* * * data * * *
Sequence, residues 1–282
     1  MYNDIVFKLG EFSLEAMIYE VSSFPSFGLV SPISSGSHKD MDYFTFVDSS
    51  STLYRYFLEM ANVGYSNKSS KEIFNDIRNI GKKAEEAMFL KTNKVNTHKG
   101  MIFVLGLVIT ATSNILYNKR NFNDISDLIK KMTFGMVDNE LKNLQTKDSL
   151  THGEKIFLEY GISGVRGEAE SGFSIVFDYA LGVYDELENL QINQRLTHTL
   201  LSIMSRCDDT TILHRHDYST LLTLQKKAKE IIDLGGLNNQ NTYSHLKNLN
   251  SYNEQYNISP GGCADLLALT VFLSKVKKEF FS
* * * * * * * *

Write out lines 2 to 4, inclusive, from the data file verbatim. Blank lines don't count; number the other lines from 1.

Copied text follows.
     1  MYNDIVFKLG EFSLEAMIYE VSSFPSFGLV SPISSGSHKD MDYFTFVDSS
    51  STLYRYFLEM ANVGYSNKSS KEIFNDIRNI GKKAEEAMFL KTNKVNTHKG
   101  MIFVLGLVIT ATSNILYNKR NFNDISDLIK KMTFGMVDNE LKNLQTKDSL